$22,693 and $12,646 is close to $14,183. The Republicans predominantly
      voted No and the Democrats predominantly voted Yes. Actually the vote
      wasn’t exactly evenly split, which makes the results more interesting.
      You can still see an effect of money on the vote beyond the party
      difference, as I noted in that post, but it’s a much smaller correlation.

      To wrap it up, correlations between money and votes is interesting, and
      suggests at least the perception of impartiality. This makes it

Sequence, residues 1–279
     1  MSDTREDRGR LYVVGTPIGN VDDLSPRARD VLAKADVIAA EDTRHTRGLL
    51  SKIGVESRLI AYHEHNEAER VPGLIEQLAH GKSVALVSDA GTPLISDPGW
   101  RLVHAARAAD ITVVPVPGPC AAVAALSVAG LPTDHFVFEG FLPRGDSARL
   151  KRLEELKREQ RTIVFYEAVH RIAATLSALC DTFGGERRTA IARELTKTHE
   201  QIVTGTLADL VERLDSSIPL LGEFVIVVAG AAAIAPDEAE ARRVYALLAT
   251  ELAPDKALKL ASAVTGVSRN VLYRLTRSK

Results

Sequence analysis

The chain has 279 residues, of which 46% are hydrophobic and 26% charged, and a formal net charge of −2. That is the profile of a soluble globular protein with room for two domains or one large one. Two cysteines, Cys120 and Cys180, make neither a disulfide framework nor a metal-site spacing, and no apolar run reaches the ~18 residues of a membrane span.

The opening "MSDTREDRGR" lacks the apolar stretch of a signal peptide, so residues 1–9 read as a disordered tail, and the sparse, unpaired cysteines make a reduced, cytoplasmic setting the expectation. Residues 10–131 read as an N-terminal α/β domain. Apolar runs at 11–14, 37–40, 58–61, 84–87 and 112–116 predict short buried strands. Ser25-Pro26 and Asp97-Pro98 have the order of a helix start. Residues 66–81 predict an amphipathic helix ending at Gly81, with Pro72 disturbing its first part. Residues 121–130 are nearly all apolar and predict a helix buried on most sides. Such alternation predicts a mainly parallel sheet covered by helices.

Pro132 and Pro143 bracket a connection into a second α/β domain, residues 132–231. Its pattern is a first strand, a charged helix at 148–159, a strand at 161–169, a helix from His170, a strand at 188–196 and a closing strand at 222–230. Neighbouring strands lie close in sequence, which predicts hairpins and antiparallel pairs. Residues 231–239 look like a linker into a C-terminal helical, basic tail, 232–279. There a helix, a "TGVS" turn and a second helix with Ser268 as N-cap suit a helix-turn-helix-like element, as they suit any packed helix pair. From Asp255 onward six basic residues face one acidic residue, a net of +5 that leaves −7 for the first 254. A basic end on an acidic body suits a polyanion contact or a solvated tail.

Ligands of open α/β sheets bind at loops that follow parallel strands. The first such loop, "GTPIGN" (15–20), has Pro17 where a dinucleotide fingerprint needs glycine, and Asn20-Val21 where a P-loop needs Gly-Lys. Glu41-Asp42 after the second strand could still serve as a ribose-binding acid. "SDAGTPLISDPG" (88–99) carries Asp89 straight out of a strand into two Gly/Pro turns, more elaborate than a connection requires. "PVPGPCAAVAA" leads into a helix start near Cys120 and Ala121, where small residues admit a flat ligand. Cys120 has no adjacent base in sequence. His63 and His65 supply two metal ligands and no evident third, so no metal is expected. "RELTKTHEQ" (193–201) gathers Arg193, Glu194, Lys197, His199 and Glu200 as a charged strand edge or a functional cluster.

important at face value, I agree. But whereas people are quick to agree
      the numbers do not suggest causality, the fact that they are being
      presented suggests to the public that there is something new and
      interesting to be learned from them. This is the misleading part,
      because as I showed the numbers are often merely shadows of what we
      already know: that money goes unevenly to the parties. If we want to
      learn something new, we must look much more carefully at the numbers and
      the votes.

      (end of rant)

      -- 
      - Josh Tauberer
      - GovTrack.us


      "Yields falsehood when preceded by its quotation!  Yields
      falsehood when preceded by its quotation!" Achilles to
      Tortoise (in "Godel, Escher, Bach" by Douglas Hofstadter)